For those wondering what they can do to send General Mills a message of thanks, I’ve posted a couple times now a quick and easy link to say “thank you.” Additionally, A “support General Mills” event was set up for this Thursday from 6:00pm-9:00pm by LeftMN. The group is asking that anyone who supports General Mills for standing up for equality bring in unopened and non-perishable items to donate as a way of saying “Thanks, General Mills!” (I love the approach of the counter-donation strategy; both this week’s rally and the thank you event benefit the homeless shelters).
Will share any additional news or insight I get from the rally throughout the rest of the week. Until then, I’ll keep eating my Cheerios!
Thanks to Andy B. for sharing the above photo with me.
LOVE this blog. I live in Spicer, and I am a straight ally. I have your back!!!
It was inspiring to see all of the folks signing up to Vote NO in Minneapolis this weekend! But as we all know, our big cities cannot defeat this amendment alone. We need voters from every corner of Minnesota to come out and send the message that we will not allow our constitution to be tarnished with inequality.
The above is a note that I received from an ally in Spicer. The simple note is both encouraging and motivating to me at the same time. My goal when I started this blog was to share stories, news and media related to the mean-spirited amendment in an effort to help educate and mobilize supporters of equality. Notes like these remind me why I started this blog and why I will continue to fight every single day until November to make sure Minnesota voters say NO to discrimination and NO to this amendment.
To the above ally in Spicer, thank you. Your email, and your support, make a difference.
Well, it’s official. The dumpgeneralmills domain came to life today asking folks to sign a petition against General Mills. The goal of the site is to tell the company that standing on the side of equality will result in lost business.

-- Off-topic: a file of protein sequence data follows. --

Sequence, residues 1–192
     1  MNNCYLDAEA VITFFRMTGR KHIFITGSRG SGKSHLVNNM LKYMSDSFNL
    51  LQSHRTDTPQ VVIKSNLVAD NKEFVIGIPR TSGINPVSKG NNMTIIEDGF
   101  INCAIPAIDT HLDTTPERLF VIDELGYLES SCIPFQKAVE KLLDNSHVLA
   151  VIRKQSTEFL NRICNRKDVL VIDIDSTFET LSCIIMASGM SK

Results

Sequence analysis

I’m sad to report that the site has almost 7,000 signatures. If you’ve not already sent a note to General Mills to say “thank you for opposing the mean-spirited amendment and standing on the correct side of history,” I’ve made it really easy. Just click here. Let’s make sure that the amendment supporters aren’t the only ones that General Mills hears from!
It’s a fact: People are 67% more likely to move to our side when they hear from people they know.
This should make each and every single one of us sit up and take notice. If you wonder why everyone in this campaign continues to hit hard on having the conversation, this is the reason. People are 67% more likely to vote NO when they hear from us. This is especially true if you are LGBT.
If you aren’t sure where to start, I just posted 13 Tips on having a conversation about marriage. Start there. Minnesotan’s United has an entire section dedicated to having conversations. Be sure to check it out!
Every day, I’m surprised at new resources I find on the Minnesotans United for all Families web site. Today, I discovered a PDF document that provides 13 tips on how to have a conversation about marriage with friends, family and coworkers. It’s even split up into helpful sections (before starting, what to do, after the conversation) and includes some example starters.